In 1939 V.S. Pritchett set about reading many novels in the hope of discovering what was wrong with the one he was trying to write. He didn’t regard himself as a critic, but as an ordinary reader with a private ax to grind. Taking notes on his reading, he started publishing pieces in the New Statesman. Paper was scarce, so he had to restrict himself to short essays of about 1800 words, an exigency from which he developed the laconic and allusive style he continues to practice in the more spacious conditions of The New Yorker and The New York Review of Books.
A Man of Letters is a selection of Pritchett’s essays and reviews. Most of them have been rescued from books long out of print, starting with In My Good Books (1942). Five essays, on Richardson, Scott, George Eliot, Arnold Bennett, and the forgotten Thomas Day—author of Sandford and Merton (1783–1789)—are taken from The Living Novel (1946). Essays on Conrad, Ford Madox Ford, E.M. Forster, Trollope, Robert Musil, Edith Wharton, R.S. Surtees, and Nathanael West come from The Working Novelist (1965). Three essays, on George Sand, Eça de Queiroz, and Machado de Assis, are taken from The Myth Makers (1979); two, on Max Beerbohm and Evelyn Waugh, from The Tale Bearers (1980). From recent work, Pritchett has chosen essays on Pushkin, Byron, Cruikshank’s drawings, Virginia Woolf’s last letters, Cyril Connolly, Proust, Camus, Henry James’s letters, Pissarro, and Nabokov. There are twenty-two essays on English writers, mostly novelists, six on Americans, and eighteen on European writers and artists.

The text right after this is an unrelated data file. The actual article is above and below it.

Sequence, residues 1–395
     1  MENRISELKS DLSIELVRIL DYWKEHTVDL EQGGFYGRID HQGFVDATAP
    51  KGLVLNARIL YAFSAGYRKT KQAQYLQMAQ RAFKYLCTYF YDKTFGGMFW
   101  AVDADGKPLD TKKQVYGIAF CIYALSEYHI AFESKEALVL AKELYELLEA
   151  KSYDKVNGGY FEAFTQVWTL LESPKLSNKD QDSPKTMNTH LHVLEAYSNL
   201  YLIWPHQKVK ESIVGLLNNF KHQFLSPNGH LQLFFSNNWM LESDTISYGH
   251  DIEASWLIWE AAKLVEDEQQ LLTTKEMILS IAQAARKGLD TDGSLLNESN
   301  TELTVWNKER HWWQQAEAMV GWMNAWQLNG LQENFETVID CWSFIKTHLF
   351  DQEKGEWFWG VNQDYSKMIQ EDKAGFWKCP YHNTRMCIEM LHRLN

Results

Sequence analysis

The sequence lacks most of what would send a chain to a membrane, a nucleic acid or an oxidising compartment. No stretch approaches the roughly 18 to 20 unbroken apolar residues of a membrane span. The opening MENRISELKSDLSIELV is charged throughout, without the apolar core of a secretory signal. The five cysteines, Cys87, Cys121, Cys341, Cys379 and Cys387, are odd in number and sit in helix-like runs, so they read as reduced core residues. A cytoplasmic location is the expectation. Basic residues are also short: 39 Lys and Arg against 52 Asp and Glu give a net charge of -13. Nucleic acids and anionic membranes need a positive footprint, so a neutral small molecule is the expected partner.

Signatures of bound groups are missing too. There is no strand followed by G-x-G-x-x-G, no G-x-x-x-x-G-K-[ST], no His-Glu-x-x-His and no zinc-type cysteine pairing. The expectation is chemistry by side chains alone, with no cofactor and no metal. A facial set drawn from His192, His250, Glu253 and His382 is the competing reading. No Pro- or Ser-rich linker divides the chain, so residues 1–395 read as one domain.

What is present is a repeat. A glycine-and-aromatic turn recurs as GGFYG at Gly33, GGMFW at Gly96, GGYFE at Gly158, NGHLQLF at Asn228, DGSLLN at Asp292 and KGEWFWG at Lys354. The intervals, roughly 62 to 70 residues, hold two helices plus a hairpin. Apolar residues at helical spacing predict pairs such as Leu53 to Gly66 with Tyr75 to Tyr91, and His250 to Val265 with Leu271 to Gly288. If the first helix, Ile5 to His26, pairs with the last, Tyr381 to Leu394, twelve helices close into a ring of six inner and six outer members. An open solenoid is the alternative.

“If, as they say, I am a Man of Letters I come, like my fellows, at the tail-end of a long and once esteemed tradition in English and American writing,” Pritchett remarks in a brief preface. He uses the same capitalized phrase about Cyril Connolly and, in The Tale Bearers, about Edmund Wilson, “the old-style man of letters.” Old-style or not, a man of letters is a writer who makes his living by writing regularly for “the periodicals that have survived.” Such a writer persists in caring for literature, even at a time much given to TV and film. He makes “a stand for the reflective values of a humane culture,” and embodies them in his own novels, short stories, biographies, travel books, and criticism. The phrase, as Pritchett uses it, doesn’t seem to describe such writers as T.S. Eliot, Virginia Woolf, George Orwell, Graham Greene, W.H. Auden, Lionel Trilling, and John Updike, who haven’t depended for a living upon their frequent appearances in periodicals.
Pritchett’s references to the tradition of the man of letters are always rueful: he implies that he is the last of his tribe. I assume he has in mind the apparently easy conditions under which Henry James wrote for The North American Review and The Nation, George Eliot for The Westminster Review, Leslie Stephen for The Cornhill, Mill for The …